Sylvester Researchers Present Findings at ASCO20

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Researchers at Sylvester Comprehensive Cancer Center, part of the University of Miami Miller School of Medicine, co-authored more than three dozen abstracts and posters selected for the annual meeting of the American Society of Clinical Oncology (ASCO). The ASCO20 Virtual Scientific Program, which took place online May 29 to June 1, attracted a record-breaking 42,750 attendees representing 138 countries.

A late-breaking abstract from the COVID-19 and Cancer Consortium provided groundbreaking findings about effects of the novel coronavirus on patients with cancer. Sylvester was one of the founding institutions participating in this registry to quickly collect data. Gilberto Lopes, M.D., Sylvester’s associate director of global oncology is one of the co-authors of this trailblazing research, also published in The Lancet.

 “Our study shows that patients with cancer are at higher risk of dying if they develop COVID-19. Older patients, men and those for whom their cancer was not controlled were more likely to die from COVID19. Our study supports that we should continue treating our patients’ cancers during the pandemic, while taking every measure possible to prevent infection by SARS-Cov2,” said Dr. Lopes, a professor of medicine.

Dr. Lopes is also the co-author of several abstracts on non-small cell lung cancer (NSCLC), including one led by researchers from Sylvester’s Department of Radiation Oncology and published in the Journal of Clinical Oncology. They found checkpoint-inhibitor pneumonitis in patients treated with nivolumab was underreported, and radiomics features can help identify more cases.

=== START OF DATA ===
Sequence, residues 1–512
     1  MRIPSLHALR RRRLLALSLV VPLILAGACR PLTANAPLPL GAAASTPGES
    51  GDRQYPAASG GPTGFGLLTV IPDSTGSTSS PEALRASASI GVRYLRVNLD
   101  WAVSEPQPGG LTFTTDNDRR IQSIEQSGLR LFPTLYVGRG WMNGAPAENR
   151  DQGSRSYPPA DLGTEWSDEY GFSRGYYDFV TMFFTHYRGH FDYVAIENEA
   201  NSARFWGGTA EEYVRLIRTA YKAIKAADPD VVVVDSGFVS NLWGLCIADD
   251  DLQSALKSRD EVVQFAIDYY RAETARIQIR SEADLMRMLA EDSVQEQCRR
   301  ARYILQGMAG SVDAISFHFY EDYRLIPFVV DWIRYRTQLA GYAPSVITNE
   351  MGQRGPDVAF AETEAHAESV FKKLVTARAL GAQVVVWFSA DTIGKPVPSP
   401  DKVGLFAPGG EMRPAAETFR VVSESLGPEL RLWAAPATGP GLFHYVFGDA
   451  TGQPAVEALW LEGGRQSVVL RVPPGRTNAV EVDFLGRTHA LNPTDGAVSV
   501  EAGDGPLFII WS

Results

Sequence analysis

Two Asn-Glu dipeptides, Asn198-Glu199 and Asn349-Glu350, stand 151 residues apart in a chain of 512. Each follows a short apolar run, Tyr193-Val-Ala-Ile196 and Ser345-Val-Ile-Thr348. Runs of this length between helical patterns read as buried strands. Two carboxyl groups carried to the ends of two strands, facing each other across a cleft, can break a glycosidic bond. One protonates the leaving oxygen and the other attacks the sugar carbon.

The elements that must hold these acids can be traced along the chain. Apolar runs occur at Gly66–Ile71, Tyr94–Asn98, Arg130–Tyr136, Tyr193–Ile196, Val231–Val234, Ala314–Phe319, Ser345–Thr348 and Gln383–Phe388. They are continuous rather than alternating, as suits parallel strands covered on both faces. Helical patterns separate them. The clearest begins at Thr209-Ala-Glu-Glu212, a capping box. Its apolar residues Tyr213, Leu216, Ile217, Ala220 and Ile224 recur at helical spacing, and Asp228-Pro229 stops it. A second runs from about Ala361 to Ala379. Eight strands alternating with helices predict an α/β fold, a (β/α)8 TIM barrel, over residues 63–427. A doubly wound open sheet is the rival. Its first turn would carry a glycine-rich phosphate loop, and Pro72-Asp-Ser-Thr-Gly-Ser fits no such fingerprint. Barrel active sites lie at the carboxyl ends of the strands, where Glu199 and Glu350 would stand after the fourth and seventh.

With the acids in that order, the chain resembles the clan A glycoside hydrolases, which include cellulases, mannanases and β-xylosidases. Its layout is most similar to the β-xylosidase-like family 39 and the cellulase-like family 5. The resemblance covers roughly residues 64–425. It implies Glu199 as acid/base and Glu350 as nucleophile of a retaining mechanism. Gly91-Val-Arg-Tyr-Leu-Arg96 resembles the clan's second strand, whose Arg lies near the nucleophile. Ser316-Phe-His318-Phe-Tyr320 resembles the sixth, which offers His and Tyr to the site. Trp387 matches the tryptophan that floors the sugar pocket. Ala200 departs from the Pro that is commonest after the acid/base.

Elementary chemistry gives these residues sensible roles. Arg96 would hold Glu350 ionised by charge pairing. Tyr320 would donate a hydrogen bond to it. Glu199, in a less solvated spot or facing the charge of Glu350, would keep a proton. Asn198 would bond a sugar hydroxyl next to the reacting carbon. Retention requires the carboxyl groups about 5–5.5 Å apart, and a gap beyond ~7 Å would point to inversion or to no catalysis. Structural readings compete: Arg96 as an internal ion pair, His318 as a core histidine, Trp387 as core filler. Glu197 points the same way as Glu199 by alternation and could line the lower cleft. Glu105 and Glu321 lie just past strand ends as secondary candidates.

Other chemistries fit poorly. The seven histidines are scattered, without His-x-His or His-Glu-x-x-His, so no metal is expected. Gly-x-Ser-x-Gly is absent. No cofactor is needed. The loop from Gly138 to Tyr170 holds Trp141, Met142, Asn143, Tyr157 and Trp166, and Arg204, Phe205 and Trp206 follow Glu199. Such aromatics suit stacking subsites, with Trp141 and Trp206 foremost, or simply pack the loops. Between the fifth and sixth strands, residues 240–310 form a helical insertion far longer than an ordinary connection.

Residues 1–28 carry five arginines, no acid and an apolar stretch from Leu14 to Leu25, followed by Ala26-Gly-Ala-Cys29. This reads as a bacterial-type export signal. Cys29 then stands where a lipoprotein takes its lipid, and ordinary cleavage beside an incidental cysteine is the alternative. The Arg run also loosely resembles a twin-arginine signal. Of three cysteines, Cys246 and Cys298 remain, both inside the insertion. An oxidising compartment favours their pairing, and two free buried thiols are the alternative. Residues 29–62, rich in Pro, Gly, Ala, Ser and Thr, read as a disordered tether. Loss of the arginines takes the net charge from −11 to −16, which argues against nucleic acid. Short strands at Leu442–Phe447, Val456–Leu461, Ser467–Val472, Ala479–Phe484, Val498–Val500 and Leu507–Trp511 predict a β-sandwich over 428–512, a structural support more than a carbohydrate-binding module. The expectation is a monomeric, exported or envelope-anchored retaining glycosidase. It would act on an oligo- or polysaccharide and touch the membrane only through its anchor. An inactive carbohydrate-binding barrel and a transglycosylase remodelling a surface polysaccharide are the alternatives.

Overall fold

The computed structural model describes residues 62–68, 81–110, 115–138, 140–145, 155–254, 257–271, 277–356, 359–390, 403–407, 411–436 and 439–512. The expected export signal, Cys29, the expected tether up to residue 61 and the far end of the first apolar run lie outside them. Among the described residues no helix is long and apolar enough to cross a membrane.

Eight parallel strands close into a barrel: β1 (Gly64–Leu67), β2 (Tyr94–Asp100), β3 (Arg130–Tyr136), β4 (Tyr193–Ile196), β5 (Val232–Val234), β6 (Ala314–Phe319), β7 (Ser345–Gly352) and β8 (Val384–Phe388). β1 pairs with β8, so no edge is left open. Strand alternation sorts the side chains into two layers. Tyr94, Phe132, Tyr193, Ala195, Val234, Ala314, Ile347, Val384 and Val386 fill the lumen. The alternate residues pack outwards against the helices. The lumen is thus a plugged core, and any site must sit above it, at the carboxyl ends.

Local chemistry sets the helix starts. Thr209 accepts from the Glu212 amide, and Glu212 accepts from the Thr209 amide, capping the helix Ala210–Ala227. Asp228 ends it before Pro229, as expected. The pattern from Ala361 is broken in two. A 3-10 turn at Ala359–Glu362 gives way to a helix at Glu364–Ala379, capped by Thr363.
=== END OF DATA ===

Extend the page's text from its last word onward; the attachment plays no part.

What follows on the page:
In the sarcoma session, first-year fellow Andrea Espejo-Freire, M.D., presented a poster on the genomic landscape of angiosarcoma: a targeted and immunotherapy biomarker analysis of 143 patients. Sylvester’s sarcoma team collaborated with other centers that are part of the Precision Oncology Alliance, to pinpoint the most common mutations in this highly aggressive type of sarcoma.

Dr. Espejo-Freire was also first author on an abstract by Sylvester’s multi-disciplinary sarcoma team that was a 10-year review of the clinical behavior and treatment outcomes in angiosarcoma.

Neuro-oncologist Macarena de la Fuente, M.D., made an oral presentation on a phase Ib/II study of olutasidenib in patients with relapsed or refractory IDH1 mutant gliomas. The multi-institutional clinical trial led by Dr. de la Fuente was selected for the ASCO Annual Meeting Central Nervous Tumors Highlights.

“In this heavily pretreated population with predominantly enhancing, recurrent disease, olutasidenib, an IDH1 mutant inhibitor, is well-tolerated and demonstrates a preliminary disease control rate of 50 percent. These findings support ongoing and future trials with IDH inhibitors to further characterize the role of these drugs in the recurrent and upfront setting,” Dr. de la Fuente explained.

From Jaime Merchan, M.D., presenting on an oncolytic virus in patients with refractory solid tumors to A. Craig Lockhart, M.D., with the final results of a phase II trial of first-line FOLFIRINOX for advanced gastroesophageal cancer and a host of other studies too numerous to mention, Sylvester contributed in a significant way to the advances presented at the world’s largest clinical cancer research meeting.

“The quality as well as the depth and breadth of our research at Sylvester is attracting national and international attention that is unprecedented for an institution in South Florida,” said Stephen D. Nimer, M.D., Sylvester’s director.

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